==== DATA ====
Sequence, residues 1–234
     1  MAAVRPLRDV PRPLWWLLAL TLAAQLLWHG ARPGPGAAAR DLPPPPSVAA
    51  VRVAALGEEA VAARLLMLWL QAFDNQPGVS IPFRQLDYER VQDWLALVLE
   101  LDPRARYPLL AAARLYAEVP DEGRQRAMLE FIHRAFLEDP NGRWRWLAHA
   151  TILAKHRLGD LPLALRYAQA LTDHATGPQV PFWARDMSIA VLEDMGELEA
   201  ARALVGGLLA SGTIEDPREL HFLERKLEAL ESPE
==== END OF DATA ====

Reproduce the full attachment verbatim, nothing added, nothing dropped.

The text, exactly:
Sequence, residues 1–234
     1  MAAVRPLRDV PRPLWWLLAL TLAAQLLWHG ARPGPGAAAR DLPPPPSVAA
    51  VRVAALGEEA VAARLLMLWL QAFDNQPGVS IPFRQLDYER VQDWLALVLE
   101  LDPRARYPLL AAARLYAEVP DEGRQRAMLE FIHRAFLEDP NGRWRWLAHA
   151  TILAKHRLGD LPLALRYAQA LTDHATGPQV PFWARDMSIA VLEDMGELEA
   201  ARALVGGLLA SGTIEDPREL HFLERKLEAL ESPE